Crypto scams are everywhere and there’s no way to recover your coins if you’re tricked. This guide shows you how to avoid these dangerous scams.
The Scam War
Internet scams are nothing new. Most people have grown wise to the “classic” scams, and no longer email their bank account details to supposed Nigerian princes, for example. Old scams become less effective as victims share their experiences, raising public awareness. Scammers must continually evolve their tactics to compete, resulting in an ongoing “arms race” between scammers and the public. Unfortunately, cryptocurrency has given scammers a whole new arsenal. This article is intended to counter these new crypto scams by raising awareness of how they operate.
Cryptocurrency, a Scammer’s Dream
Consider the irreversible and pseudonymous nature of crypto transactions. While great for honest people, these are also perfect features for a scammer:
- Irreversibility ensures that victims are unable able to claw back any lost funds. Even worse for victims of crypto scams is that, unlike scams conducted through traditional payment channels, victims have almost no chance of reimbursement or insurance coverage.
- Pseudonymity greatly reduces the risk of legal consequences, making scams easier and safer to conduct, and so increasing their prevalence. Receiving victim funds via crypto eliminates a scammer’s need for bank or payment service accounts. Such accounts often reveal a scammer’s location, limiting the scope of their deception, and serve as an obvious starting point for criminal investigation.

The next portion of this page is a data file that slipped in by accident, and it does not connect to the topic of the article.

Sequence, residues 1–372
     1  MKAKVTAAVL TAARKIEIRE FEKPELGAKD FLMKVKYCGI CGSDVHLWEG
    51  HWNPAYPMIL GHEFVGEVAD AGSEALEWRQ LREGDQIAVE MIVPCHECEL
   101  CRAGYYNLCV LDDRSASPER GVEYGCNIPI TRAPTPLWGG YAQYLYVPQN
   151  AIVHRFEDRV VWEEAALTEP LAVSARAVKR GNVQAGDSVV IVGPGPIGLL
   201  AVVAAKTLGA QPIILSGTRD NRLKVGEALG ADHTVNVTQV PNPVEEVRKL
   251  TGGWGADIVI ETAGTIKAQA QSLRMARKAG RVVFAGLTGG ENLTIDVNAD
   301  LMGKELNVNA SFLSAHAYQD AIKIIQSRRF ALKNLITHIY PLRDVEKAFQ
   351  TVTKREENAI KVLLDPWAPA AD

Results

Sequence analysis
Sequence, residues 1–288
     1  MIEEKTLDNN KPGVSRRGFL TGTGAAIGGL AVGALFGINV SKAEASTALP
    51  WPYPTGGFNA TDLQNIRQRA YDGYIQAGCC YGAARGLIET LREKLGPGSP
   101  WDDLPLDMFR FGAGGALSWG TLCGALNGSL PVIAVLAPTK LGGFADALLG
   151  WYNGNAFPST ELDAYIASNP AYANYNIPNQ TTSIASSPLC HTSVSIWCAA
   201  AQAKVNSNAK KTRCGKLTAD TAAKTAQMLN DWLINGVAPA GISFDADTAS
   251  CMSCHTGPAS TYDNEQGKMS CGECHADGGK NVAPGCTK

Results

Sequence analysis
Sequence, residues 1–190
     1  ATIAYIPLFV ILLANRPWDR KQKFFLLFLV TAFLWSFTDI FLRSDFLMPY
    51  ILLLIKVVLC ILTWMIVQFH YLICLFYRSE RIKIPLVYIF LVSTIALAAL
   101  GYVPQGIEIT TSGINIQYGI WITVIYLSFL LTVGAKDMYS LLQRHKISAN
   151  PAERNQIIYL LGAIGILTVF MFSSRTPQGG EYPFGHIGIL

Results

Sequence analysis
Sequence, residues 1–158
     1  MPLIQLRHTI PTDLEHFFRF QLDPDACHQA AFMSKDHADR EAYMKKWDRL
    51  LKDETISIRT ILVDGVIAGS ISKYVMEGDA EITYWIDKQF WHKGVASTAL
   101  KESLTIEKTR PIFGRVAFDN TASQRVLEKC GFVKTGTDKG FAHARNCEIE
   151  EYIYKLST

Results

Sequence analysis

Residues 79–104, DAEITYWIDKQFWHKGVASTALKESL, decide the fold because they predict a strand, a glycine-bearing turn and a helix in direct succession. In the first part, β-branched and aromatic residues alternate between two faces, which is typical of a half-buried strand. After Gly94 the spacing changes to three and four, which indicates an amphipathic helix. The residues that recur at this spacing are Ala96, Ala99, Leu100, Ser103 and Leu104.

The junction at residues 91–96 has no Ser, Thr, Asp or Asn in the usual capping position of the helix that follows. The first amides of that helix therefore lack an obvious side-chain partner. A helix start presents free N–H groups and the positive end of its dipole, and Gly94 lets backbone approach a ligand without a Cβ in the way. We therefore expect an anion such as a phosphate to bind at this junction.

In addition to these features which greatly favor scammers, the crypto environment attracts an abundance of suitable victims. Consider how the complexity and novelty of cryptocurrency, coupled with its tremendous price appreciation since inception, tends to attract those who are particularly vulnerable targets… To put it bluntly, people who are both greedy and ignorant are highly susceptible to scams.
1. Practice Common Sense
There’s a single golden rule which can help you to spot and avoid scams: if an offer seems too good to be true, it probably is!
When presented with an unbelievably good opportunity, ask yourself why it’s being shared in the first place. If you discovered gold in your back yard, would you keep it a secret, perhaps share it with your closest friends and family… or invite the whole world over to dig it out?
2. Do the Math